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Vitamin D is an essential vitamin that our bodies need for healthy function. But what is the connection between vitamin D and the immune system? Read more.
D vitamins are fat-soluble vitamins, which the body can produce naturally when it is exposed to sunlight, hence the term “the sunshine vitamin”. You will be able to get vitamin D from most foods in your diet as well as taking supplements to ensure your body receives enough of the vitamin during the colder and less sunny months. Vitamin D have many important functions in the body, among some of the most important is the absorption of calcium and also helping to facilitate the normal function of the immune system. But what is the connect between vitamin D and the immune system? Let’s find out.
Vitamin D is a necessary vitamin to aid and support the healthy functioning of the immune system, it contains both anti-inflammatory and immunoregulatory properties, and is vital for the protection, and function of the immune system defences.
Vitamin D is essentially a hormone that is found in most cells and bodily tissue. The vitamin also has abilities to enhance the function of the immune cells, which include T cells and macrophages. These protect the body against pathogens. In most healthy people the T cells play a vital role in helping to fight and protect the body against infections and disease, however, in those that have an autoimmune disease, these cells begin to attack the bodies tissue.
There have been studies conducted to show that vitamin D works as an immune booster, aiding the immune response and protecting it from harsh molecules. The way in which vitamin D does this is by interacting with vitamin D receptors attached to innate immune cells in the body, this is the bodies first-line of defence against any foreign pathogens.
The vitamin plays such a vital role in the protection of the immune system, and ensures that the immune system isn’t weak, that a low level of the vitamin has been associated with an increased susceptibility to disease, infection and any immune-related disorders. The vitamin binds itself to receptors that are located within the immune cells, known as neutrophiles, macrophages and natural killer cells. This then prompts the cells to produce peptides that contain antiviral properties, which then begin to fight off any infections or diseases. Thus, proving its immune-strengthening properties and enabling the immune system to maintain a healthy and established function.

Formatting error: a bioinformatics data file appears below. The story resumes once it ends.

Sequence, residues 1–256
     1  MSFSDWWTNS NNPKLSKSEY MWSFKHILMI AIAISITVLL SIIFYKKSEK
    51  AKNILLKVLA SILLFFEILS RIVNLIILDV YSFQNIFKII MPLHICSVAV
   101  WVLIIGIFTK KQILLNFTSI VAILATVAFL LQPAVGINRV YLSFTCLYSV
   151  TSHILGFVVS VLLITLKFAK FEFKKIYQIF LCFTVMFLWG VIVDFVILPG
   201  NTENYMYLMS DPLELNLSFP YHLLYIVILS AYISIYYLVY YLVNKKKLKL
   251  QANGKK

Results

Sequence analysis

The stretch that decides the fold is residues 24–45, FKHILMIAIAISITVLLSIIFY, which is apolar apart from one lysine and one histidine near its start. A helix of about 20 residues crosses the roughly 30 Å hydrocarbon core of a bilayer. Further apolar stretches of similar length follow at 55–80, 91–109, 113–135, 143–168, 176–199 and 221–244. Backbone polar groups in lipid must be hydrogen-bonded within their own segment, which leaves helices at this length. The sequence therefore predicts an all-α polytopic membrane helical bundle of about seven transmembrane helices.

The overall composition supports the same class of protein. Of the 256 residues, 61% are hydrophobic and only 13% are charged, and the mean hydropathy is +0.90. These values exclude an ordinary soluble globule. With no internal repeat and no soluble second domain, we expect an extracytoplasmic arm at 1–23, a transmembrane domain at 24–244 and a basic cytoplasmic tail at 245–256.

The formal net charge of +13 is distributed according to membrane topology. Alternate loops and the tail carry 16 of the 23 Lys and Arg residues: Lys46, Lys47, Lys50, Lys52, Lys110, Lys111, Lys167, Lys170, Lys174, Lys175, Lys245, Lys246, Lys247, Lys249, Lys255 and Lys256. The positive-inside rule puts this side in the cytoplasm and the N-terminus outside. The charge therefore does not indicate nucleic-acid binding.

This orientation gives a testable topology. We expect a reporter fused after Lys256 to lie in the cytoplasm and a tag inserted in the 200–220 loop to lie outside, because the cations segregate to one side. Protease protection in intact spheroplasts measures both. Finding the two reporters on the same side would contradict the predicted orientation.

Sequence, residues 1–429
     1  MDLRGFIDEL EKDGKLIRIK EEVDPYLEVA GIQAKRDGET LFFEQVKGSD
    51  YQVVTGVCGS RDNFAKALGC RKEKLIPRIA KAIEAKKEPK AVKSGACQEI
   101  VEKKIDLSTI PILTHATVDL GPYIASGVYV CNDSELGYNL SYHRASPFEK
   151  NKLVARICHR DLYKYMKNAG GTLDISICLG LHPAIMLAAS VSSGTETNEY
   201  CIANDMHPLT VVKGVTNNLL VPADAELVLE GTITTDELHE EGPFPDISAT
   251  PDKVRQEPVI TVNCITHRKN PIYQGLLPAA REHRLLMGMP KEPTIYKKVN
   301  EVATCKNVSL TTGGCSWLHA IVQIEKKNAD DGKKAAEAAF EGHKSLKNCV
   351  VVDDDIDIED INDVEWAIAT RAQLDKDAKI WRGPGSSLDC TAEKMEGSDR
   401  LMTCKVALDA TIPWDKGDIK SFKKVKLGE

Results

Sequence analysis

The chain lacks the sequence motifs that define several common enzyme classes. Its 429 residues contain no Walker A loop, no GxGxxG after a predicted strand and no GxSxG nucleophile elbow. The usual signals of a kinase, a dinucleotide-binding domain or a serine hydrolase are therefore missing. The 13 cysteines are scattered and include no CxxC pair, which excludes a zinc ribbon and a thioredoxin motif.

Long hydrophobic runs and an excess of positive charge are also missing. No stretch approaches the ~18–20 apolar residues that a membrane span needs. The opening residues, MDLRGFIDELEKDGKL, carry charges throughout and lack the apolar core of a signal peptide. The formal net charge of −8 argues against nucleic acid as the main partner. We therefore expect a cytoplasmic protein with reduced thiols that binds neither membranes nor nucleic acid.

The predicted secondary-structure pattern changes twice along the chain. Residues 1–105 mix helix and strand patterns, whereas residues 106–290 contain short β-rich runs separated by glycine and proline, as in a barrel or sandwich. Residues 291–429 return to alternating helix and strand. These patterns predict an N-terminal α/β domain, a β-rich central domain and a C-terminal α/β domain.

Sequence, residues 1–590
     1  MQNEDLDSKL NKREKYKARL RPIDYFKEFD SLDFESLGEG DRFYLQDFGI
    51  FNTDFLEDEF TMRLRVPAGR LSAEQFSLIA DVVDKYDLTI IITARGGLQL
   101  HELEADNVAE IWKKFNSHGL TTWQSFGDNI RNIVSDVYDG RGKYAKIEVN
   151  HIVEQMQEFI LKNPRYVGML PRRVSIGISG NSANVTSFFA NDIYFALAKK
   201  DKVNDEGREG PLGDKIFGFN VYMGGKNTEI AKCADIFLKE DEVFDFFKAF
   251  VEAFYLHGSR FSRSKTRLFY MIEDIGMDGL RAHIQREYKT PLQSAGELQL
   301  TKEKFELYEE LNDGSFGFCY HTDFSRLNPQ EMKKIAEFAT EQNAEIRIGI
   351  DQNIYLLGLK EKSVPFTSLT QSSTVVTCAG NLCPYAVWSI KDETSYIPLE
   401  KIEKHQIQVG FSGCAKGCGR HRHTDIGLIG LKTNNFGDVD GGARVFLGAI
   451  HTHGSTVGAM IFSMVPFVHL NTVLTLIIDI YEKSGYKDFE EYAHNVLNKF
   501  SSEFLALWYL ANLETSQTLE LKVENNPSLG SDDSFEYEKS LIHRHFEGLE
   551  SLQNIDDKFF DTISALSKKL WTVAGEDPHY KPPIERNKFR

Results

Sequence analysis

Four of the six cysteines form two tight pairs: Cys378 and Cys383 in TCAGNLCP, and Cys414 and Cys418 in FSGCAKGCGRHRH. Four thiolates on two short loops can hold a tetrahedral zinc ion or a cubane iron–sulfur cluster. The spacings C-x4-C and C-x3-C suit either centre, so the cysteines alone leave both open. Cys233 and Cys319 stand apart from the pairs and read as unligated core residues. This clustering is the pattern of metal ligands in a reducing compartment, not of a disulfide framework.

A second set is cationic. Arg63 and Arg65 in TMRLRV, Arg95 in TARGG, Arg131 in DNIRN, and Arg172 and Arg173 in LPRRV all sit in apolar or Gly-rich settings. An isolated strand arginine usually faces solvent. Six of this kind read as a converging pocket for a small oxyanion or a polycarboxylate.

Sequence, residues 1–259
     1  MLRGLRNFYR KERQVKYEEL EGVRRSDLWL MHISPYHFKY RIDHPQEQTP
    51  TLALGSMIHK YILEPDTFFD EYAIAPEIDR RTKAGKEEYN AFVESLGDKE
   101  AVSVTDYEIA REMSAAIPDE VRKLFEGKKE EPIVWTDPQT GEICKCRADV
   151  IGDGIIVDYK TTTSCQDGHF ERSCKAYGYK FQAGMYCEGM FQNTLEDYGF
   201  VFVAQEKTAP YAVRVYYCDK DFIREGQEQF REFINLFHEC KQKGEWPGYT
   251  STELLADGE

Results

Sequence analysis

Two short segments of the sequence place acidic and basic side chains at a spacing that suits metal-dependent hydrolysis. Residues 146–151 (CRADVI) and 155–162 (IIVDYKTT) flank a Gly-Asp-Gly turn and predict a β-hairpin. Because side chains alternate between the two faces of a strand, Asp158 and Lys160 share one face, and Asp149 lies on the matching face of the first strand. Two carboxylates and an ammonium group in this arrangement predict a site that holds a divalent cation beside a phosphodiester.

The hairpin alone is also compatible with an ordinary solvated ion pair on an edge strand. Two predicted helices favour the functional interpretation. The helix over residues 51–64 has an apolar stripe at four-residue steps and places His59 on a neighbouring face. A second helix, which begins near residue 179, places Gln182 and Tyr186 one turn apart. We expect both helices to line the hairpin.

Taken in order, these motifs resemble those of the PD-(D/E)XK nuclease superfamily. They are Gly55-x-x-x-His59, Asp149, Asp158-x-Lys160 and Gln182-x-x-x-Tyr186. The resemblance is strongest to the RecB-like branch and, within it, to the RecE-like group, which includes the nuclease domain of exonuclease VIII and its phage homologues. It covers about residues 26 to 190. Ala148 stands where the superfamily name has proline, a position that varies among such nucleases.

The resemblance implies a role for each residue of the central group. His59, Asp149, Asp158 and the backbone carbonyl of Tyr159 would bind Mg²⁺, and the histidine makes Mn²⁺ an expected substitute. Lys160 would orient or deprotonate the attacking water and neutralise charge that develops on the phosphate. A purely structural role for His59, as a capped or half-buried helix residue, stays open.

Vitamin D is critical for the healthy function of the immune system, and a deficiency of vitamin D can compromise the immunes response to infection and disease.
There are a few signs that you will be able to spot if you think you are deficient in vitamin D. A deficiency isn’t common, but can appear in those who don’t eat enough vitamin D rich foods, or in the colder months when people tend to spend more time inside.
A trusted healthcare professional will be able to diagnose a vitamin D deficiency by performing a simple blood test. If you think you may be suffering from a vitamin D deficiency and the symptoms mentioned above sound familiar, then you should contact your GP.
As with any vitamin supplements, there are always risks of taking too much, and having it stored in the body. The over consumption of vitamin D is very unlikely through diet or over exposure to sunshine, it will only be possible through supplements.
Having too much vitamin D can lead to an increase in the bloods calcium levels and can result in:
Vitamin D has many important roles to play in the body, including the promotion of the health of our immune systems. There has been research to show that supplementing with vitamin D can help to protect the body from respiratory infections. However, when taking a supplement, it is important to ensure you are not consuming too much, and that you should always seek the advice from a medical professional before taking new supplements alongside your diet.
That’s our guide on vitamin D and the immune system. Why not explore Vitamin C and what it does, next?